Subject: Re: A possible way of handling variant/common devices
To: Jonathan Stone <jonathan@DSG.Stanford.EDU>
From: Andrew Gillham <>
List: tech-kern
Date: 03/29/1997 01:29:27
Jonathon Stone writes:

> Since you've split the if_ed driver youself, you've probably observed
> that you still need to call the ISA probe function for the appropriate
> card family, from within the attach function of your EISA device.
> Otherwise, your EISA NE board doesn't get the chipset initialized

Actually I don't call those routines at all, only the dp8390 related
ones.  The board initialization is not particularly tricky, and I've
somewhat hard-coded the values for the shared memory starts and
such.  As my only documentation is a packet driver .asm file, and the
board can only be configured for 32K of RAM, it is enough to get it
working.  Eventually I need to add some code to sanity check the
hardware, but since I'm looking for a specific EISA product id, I *know*
what I have.

> But do  we really want subinterfaces in the first place?  What do they
> give us??

As Erik Fair mentioned, distinct interfaces for routing.  At the moment
the only NetBSD interface I can think of that would need them, would be
the ATM driver.  With subinterfaces, it would be possible to map a PVC
per, with each being on a distinct network.  When/If IPX is supported
subinterfaces can be used with different frame types as well. Which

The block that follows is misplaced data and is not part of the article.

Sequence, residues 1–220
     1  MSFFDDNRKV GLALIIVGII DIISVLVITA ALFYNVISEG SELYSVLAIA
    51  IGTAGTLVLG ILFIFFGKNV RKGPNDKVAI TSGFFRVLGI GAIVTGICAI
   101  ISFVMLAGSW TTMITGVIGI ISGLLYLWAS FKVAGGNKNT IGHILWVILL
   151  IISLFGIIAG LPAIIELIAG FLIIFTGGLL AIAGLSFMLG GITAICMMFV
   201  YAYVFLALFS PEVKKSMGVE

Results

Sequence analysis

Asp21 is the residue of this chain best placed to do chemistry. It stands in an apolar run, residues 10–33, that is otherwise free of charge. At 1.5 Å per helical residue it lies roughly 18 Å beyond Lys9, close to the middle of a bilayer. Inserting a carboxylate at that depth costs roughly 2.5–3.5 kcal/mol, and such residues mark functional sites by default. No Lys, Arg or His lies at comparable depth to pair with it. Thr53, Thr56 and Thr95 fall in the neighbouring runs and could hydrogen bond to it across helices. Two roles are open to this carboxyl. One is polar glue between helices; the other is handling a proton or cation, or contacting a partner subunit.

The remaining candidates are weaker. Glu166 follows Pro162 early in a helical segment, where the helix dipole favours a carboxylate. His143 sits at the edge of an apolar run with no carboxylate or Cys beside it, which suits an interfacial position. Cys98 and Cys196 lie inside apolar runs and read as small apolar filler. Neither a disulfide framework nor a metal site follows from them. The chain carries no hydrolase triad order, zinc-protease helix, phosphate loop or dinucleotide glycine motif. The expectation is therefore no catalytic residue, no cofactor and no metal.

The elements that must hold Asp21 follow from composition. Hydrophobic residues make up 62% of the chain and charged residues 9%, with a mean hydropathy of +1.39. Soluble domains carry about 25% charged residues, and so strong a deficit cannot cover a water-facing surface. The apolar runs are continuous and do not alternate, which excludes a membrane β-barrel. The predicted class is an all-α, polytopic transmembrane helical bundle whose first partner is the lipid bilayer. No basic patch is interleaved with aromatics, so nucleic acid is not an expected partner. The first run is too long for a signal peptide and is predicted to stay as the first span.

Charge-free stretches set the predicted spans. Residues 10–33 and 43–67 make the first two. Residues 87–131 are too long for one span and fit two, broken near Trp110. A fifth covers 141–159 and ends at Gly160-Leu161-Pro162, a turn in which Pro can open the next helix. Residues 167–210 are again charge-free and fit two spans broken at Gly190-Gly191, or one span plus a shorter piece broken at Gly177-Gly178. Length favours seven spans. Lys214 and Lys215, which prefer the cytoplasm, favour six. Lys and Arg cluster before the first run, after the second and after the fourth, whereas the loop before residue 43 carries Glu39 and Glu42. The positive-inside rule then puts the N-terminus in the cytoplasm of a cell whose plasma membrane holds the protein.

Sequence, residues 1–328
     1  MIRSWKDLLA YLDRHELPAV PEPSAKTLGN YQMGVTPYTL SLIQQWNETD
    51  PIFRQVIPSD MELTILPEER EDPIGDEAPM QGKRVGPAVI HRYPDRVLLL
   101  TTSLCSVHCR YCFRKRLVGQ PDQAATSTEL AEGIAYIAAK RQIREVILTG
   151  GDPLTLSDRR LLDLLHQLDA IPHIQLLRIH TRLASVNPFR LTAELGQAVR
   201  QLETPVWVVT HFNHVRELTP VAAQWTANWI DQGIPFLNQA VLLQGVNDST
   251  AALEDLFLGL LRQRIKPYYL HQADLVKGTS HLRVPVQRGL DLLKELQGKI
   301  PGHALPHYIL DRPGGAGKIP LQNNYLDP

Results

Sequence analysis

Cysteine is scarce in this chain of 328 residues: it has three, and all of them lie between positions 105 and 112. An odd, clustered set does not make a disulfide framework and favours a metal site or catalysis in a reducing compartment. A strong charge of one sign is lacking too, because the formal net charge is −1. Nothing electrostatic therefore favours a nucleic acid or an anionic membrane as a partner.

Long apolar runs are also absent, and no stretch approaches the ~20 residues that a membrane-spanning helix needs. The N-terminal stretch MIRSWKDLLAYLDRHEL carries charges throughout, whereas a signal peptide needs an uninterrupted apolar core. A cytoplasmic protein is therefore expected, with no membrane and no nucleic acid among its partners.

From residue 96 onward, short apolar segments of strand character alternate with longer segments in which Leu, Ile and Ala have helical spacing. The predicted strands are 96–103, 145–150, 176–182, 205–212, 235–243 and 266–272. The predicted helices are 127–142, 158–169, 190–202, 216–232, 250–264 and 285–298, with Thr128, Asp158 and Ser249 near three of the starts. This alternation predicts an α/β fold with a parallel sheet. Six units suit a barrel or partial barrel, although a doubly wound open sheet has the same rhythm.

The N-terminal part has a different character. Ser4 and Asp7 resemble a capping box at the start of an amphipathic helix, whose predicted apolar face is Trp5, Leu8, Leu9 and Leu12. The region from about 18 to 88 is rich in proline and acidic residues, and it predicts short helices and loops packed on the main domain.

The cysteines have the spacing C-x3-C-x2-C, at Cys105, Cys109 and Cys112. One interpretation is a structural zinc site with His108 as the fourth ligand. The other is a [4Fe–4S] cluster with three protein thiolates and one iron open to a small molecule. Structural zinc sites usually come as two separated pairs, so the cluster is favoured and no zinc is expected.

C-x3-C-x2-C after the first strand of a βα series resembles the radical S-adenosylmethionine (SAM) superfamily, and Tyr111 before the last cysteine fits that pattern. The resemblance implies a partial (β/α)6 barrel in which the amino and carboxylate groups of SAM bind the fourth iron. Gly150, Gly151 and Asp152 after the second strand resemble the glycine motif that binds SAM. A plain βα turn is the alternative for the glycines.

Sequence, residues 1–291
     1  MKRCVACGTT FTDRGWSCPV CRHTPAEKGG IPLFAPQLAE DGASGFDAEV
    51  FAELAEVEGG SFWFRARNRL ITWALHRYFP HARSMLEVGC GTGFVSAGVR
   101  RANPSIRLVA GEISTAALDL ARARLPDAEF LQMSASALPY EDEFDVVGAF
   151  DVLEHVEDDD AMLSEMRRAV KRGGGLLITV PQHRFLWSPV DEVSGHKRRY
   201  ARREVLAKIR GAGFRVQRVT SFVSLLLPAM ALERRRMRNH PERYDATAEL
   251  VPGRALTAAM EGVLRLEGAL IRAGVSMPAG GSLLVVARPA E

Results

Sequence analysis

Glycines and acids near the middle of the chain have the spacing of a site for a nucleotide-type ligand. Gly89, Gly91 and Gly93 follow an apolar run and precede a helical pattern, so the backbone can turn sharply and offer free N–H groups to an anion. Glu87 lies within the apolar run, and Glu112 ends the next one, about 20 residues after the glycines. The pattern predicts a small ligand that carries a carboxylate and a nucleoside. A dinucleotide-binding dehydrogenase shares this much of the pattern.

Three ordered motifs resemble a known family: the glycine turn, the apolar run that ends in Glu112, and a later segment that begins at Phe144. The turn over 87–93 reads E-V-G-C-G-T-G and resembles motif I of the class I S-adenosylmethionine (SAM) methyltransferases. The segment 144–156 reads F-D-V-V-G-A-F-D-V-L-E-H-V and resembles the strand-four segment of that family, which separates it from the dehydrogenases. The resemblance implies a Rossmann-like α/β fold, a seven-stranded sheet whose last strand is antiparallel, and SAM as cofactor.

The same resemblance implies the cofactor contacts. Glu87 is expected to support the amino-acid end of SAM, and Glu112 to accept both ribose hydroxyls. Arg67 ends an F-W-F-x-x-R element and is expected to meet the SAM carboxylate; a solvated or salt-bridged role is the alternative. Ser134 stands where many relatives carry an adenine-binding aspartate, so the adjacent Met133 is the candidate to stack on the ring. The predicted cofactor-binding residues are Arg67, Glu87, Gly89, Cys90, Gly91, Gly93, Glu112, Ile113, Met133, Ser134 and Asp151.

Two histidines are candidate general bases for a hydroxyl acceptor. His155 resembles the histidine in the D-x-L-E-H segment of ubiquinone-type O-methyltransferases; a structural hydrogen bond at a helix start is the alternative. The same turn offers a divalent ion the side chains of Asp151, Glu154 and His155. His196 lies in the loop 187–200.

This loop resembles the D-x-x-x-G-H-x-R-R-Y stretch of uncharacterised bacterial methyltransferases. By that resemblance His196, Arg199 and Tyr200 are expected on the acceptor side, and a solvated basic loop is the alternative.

would require a bit more work. :)  IMHO the 'ifconfig alias' feature
is more of the "I want more than one ip address on this NIC", and that
is it.  Perhaps I would be less unhappy with it, if ifconfig would 
print aliases.  Having to use 'netstat -i' to find addresses that you
added with ifconfig doesn't seem intuitive to me.

> There's a very noticeable lack of consensus that this is, in fact, the
> `right' thing to do. It's in some ways analagous to cloning devices;
> with the difference that there's no real device node for an Ethernet.
> Wouldn't this break a nontrivial amount of existing code that iterates
> over interfaces -- and to little gain?  You seem to be assuming it's
> used for aliases; have you considered non-IP protocol stacks?

Yes, and if different frame types are to be supported, how is that done?

> Last, I haven't looked at it, but if alias syntax is a problem, surely
> we should look at fixing ifconfig's parser before we decide to change
> the kernel??

Well, I didn't specifically mean the syntax.  As I mentioned above
the requirement of using 'netstat -i' to find addresses doesn't make
a lot of sense.  Also it allows you to put aliases on without specifying
a netmask, and doesn't pick the correct mask, even if you have already
configured an address on the same subnet.  This appears to work, but
causes some unusual routing problems.  While subinterfaces don't solve
this specifically, at least you would see everything with 'ifconfig -a'.

I'm not completely convinced subinterfaces would be the "Right Thing",
but since in "Real Life" I manage a large cisco router network, I 
understand how they are pretty a requirement for switched networks.

Andrew Gillham                            | This space left blank                     | inadvertently.
I speak for myself, not for my employer.  | Contact the publisher.